PCS 181-182: Both Forms of Communion

Since Vatican II, many Catholics and much of the hierarchy have come to appreciate the “more complete” sign of Communion under both forms. More recently, worries about dangers–real and imagined–have colored this emphasis somewhat. The Pastoral Care rites emphasize it–properly, I’d say:

181. As an indication that the reception of the eucharist by the dying Christian is a pledge of resurrection and food for the passage through death, special words proper to viaticum are added: “May the Lord Jesus Christ protect you and lead you to eternal life.” The dying person and all who are present may receive communion under both kinds. The sign of communion is more complete when received in this manner because it expresses more fully and clearly the nature of the eucharist as a meal, one which prepares all who take part in it for the heavenly banquet.

Why is receiving the Body and Blood “more complete?” The Eucharist as meal is the reason given here. Note that the Church’s teaching on the meal aspect of the sacrament is not based on a horizontal understanding of a shared dinner, but on the foretaste of the heavenly banquet.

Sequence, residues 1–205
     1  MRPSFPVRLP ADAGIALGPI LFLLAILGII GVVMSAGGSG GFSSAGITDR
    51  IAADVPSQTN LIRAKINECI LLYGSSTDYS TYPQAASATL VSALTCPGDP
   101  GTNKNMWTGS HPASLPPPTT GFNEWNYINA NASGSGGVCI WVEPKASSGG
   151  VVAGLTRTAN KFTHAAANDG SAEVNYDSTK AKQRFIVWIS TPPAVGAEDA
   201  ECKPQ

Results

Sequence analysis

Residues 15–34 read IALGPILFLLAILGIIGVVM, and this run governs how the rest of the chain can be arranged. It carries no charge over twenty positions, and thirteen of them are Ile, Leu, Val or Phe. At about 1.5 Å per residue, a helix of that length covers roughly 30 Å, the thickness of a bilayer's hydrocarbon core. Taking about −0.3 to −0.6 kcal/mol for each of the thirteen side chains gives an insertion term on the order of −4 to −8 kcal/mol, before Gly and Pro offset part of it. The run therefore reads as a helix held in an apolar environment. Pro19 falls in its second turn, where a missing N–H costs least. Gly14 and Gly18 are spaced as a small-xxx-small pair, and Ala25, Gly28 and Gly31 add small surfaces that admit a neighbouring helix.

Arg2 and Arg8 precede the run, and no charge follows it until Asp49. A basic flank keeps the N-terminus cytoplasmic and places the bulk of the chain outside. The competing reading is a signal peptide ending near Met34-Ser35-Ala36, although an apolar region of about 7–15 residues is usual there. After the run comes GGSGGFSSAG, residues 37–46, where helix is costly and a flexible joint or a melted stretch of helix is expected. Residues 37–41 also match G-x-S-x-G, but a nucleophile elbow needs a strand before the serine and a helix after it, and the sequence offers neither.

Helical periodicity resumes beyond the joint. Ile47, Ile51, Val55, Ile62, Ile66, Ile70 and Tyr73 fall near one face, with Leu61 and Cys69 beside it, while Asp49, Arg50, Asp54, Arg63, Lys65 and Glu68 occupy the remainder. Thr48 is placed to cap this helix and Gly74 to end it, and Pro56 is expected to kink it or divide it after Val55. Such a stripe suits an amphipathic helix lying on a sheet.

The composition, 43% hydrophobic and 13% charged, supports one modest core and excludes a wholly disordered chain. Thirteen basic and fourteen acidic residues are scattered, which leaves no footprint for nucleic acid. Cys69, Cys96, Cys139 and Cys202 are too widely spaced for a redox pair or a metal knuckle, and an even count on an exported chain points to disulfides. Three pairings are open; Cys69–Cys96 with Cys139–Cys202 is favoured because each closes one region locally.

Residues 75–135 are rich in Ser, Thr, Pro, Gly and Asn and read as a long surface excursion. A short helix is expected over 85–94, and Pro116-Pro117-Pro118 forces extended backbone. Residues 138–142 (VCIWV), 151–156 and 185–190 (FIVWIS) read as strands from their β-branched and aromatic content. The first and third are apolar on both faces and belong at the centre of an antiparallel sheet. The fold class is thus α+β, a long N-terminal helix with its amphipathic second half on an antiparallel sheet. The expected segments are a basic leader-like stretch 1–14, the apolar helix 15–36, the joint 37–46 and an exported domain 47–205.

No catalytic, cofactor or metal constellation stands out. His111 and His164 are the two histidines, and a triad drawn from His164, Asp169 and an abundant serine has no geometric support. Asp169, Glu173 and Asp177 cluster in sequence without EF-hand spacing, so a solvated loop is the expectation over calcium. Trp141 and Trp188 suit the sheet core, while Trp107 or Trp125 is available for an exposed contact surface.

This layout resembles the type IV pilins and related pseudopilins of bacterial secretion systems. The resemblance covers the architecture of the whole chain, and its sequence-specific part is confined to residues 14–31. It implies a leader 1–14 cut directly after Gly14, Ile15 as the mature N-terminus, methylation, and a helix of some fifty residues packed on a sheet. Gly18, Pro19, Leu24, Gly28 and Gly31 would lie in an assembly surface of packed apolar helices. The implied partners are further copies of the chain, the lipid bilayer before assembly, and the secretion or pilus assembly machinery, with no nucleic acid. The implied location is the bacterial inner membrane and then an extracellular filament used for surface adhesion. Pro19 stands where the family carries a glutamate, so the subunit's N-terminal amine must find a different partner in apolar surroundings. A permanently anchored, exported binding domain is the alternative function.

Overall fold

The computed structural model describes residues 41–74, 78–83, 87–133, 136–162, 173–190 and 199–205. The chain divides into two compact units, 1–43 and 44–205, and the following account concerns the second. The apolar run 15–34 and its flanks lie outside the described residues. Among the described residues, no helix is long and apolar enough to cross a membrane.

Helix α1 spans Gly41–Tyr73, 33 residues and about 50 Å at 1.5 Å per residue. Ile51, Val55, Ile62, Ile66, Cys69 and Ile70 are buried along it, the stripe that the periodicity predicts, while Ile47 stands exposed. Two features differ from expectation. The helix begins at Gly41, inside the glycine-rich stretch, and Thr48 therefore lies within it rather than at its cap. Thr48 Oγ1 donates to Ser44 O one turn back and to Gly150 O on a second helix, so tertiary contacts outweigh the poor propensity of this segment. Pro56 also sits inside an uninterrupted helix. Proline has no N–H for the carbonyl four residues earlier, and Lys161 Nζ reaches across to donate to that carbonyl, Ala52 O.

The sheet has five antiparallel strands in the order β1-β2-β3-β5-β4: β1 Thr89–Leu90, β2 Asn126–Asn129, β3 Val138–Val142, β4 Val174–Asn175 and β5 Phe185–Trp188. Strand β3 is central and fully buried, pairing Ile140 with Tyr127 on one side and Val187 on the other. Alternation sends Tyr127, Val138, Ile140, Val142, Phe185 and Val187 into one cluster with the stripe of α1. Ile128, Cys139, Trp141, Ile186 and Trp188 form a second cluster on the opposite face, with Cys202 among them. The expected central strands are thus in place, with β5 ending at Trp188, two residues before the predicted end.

Some practical matters:

The minister should choose the manner of giving communion under both kinds which is suitable in the particular case. If the wine is consecrated at a Mass not celebrated in the presence of the sick person, the blood of the Lord is kept in a properly covered vessel and is placed in the tabernacle after communion. The precious blood should be carried to the sick person in a vessel which is closed in such a way as to eliminate all danger of spilling. If some of the precious blood remains after communion, it should be consumed by the minister, who should also see to it that the vessel is properly purified.

The sick who are unable to receive under the form of bread may receive under the form of wine alone. If the wine is consecrated at a Mass not celebrated in the presence of the sick person, the instructions given above are followed.

We wrap up with a very short note telling the minister the rite provides special texts for use:

182. In addition to these elements of the rites which are given greater stress, special texts are provided for the general intercessions or litany and the final solemn blessing.

PCS 191 gives the intercessions or litany–we’ll get to that in a week or so–PCS 91 three examples of a final blessing. Any comments?

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About catholicsensibility

Todd and his family live in Ames, Iowa. He serves a Catholic parish of both Iowa State students and town residents.
This entry was posted in Pastoral Care of the Sick, post-conciliar liturgy documents, Rites. Bookmark the permalink.

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